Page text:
Chemotherapy is taking its toll. While yesterday morning was decent, the afternoon deteriorated and today was just bad all day. Mom was nauseous, vomiting and extremely fatigued all day. I spoke with her for a few minutes, when she told me she loved me lots and was hoping that tomorrow would be better.
I realized that though I was trained as a "scientist" (that's what that whole MS degree was about), I rely completely on anecdotal evidence when it comes to my life. I probably shouldn't be admitting this, as I do hope to build my practice and would love all the readers of this blog to someday hire me :-) Throughout this whole process, I have avoided internet cancer research like the plague. WebMD is notorious for making people crazy, but I haven't wanted to read any journals or research. But I crave case studies. I thrive hearing people's individual stories. Definitely the uplifting ones, the stories of patients who lost their vision, then got it back, of a Stage IV diagnosis nine years ago. But also people's tragedies. I don't mind investigating it in single servings. I devoured My Year of Magical Thinking and am waiting very impatiently for The Long Goodbye, where a poet chronicles her experiences with grief after her 55 year old mother dies of cancer (April 16th). I don't want to hear the statistically significant reports. I would speculate on that, but that's how I live my life. I don't research electronics to buy, I ask friends for a recommendation. I don't compare products or weigh pros and cons, I ask one or two people I trust and do what they suggest. So when the nurse practitioner asked if we wanted to know Mom's updated prognosis, I really didn't care. Up to this point, everything is a mystery-I think Dr. C. was a little surprised that the CSF is still cancer free. Getting an official prognosis isn't meaningful to me, at least at this point. What do we do with that? What if they tell us she has 2 years and she doesn't? What if they tell us she has 6 weeks? What do we do with that information? We've already taken the lessons that life is short, enjoy your time, tell people you love them, blah blah blah.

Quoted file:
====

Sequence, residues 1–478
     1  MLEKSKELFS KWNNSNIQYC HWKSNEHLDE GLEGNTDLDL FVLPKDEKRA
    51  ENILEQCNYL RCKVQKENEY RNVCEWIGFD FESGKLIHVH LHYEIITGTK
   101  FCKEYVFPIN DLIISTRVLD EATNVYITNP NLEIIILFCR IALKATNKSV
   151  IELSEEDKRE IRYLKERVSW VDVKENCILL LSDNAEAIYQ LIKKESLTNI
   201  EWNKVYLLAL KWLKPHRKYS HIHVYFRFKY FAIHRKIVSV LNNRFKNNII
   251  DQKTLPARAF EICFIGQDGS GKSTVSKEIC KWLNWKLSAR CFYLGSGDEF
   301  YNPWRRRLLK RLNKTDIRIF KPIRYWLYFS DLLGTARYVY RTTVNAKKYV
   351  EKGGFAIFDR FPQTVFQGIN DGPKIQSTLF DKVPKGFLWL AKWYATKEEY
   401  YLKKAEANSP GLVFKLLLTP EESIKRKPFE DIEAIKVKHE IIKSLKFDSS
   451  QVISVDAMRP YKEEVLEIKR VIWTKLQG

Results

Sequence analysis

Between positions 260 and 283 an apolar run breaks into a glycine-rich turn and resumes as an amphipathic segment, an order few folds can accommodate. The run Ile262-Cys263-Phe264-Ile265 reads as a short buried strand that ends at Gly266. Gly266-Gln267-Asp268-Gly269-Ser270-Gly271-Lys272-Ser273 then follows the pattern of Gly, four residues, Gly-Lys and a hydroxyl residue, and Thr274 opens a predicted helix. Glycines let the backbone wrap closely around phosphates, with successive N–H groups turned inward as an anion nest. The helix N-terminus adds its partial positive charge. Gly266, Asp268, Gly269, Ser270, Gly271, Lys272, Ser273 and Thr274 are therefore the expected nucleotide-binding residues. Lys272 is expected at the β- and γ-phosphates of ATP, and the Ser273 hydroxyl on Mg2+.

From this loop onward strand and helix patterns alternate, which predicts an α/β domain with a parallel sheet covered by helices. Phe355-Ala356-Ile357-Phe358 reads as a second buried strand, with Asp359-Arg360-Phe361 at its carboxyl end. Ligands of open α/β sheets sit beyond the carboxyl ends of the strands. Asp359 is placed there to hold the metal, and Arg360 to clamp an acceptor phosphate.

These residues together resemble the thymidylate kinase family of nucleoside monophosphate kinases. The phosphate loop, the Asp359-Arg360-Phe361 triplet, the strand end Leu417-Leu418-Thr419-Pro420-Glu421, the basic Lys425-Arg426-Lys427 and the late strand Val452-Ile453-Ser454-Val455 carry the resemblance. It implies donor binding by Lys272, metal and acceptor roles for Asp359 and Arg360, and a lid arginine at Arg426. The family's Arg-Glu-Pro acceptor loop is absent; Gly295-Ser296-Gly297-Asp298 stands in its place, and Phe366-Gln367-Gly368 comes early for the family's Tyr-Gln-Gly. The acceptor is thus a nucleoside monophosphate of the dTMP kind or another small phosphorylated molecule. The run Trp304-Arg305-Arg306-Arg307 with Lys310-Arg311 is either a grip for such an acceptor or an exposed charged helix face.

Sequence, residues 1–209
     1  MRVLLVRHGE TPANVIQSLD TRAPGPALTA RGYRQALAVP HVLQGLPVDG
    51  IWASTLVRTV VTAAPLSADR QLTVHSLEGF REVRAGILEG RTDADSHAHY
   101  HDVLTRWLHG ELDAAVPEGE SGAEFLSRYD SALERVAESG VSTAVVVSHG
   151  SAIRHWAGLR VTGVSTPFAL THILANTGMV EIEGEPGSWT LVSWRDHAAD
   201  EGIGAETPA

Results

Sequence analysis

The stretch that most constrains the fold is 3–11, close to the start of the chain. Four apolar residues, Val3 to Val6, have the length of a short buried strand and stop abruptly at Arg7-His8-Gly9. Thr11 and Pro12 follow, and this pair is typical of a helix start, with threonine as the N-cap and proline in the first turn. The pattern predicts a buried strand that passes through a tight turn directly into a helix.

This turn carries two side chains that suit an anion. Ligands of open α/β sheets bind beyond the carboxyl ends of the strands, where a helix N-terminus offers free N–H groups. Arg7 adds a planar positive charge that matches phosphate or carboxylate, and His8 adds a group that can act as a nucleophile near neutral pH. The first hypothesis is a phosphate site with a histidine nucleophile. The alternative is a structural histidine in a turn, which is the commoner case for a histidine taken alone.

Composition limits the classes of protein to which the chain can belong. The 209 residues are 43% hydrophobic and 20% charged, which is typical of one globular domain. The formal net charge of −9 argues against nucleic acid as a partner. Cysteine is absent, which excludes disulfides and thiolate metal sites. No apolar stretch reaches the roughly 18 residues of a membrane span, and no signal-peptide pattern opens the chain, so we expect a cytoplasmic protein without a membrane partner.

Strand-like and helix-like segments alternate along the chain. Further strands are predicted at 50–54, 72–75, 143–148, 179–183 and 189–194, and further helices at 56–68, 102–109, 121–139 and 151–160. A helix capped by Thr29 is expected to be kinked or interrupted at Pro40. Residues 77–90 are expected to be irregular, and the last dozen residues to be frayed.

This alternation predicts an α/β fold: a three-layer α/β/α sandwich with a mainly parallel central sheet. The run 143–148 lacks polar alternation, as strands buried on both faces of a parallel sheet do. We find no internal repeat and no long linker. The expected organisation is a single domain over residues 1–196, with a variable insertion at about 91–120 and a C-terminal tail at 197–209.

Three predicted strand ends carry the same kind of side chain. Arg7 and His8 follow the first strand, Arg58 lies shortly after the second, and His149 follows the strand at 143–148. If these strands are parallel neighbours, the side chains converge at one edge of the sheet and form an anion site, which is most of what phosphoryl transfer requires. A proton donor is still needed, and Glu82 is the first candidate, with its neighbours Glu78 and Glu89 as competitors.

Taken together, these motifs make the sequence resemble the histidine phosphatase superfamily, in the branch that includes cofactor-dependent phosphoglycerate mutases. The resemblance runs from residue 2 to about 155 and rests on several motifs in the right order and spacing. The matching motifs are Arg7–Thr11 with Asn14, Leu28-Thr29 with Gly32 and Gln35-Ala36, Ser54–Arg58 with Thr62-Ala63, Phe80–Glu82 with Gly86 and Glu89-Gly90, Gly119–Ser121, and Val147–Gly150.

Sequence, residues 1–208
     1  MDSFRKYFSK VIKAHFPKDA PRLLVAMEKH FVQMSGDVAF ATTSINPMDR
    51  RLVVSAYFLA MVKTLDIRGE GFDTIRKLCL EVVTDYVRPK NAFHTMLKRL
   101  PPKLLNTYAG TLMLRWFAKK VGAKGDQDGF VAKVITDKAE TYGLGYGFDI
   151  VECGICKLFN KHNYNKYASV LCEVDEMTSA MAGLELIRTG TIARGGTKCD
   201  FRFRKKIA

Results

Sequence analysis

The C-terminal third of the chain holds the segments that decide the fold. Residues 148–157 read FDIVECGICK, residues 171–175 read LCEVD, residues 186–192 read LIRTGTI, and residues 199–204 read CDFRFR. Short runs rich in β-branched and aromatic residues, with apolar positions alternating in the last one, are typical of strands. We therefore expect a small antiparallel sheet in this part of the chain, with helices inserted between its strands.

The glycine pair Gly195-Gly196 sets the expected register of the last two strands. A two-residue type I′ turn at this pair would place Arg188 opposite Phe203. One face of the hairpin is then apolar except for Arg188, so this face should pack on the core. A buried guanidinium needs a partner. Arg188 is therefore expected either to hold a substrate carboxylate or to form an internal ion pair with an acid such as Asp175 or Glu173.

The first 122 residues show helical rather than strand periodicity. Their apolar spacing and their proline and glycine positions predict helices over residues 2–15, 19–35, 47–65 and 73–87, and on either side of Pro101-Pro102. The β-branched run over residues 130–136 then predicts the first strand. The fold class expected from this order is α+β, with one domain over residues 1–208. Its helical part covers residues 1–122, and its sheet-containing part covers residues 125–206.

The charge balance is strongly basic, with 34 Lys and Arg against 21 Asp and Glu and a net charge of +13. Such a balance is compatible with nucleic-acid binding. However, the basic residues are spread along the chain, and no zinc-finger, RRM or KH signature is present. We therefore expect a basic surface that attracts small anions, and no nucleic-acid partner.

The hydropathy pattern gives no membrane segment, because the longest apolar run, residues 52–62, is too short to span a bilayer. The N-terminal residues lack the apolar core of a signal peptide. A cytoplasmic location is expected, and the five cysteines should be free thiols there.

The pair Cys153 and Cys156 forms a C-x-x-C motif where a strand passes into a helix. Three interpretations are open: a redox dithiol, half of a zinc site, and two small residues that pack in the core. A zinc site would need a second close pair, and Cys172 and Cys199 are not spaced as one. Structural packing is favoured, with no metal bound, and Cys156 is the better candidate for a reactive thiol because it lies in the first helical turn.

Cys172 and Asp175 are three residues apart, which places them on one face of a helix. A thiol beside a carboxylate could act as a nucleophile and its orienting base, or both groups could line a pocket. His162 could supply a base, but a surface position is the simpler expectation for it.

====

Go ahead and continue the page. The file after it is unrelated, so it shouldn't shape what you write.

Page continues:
The staff yesterday really wanted us to communicate our goals and plan so we can move forward. Good question. What are the goals? Is "keep comfortable" too defeated? Is "cure cancer" too ambitious? Both are true. My goal is to advocate the loudest and best I can for whatever Mom wants to do when she wants to do it. If she never wants to go home again, I will block the door. If she wants to go home by June, I will talk the ears off every person who can help make that happen. It's not my job to set goals for my parents, it's my job to help their voices be heard. And apparently I have appointed myself as the chief communicator to all of Mom's many fans. That's a role I cherish and am honored to hold.
I think I'm rambling and suspect that this blog post is slightly (or more than slightly) incoherent. I apologize and will go to sleep now.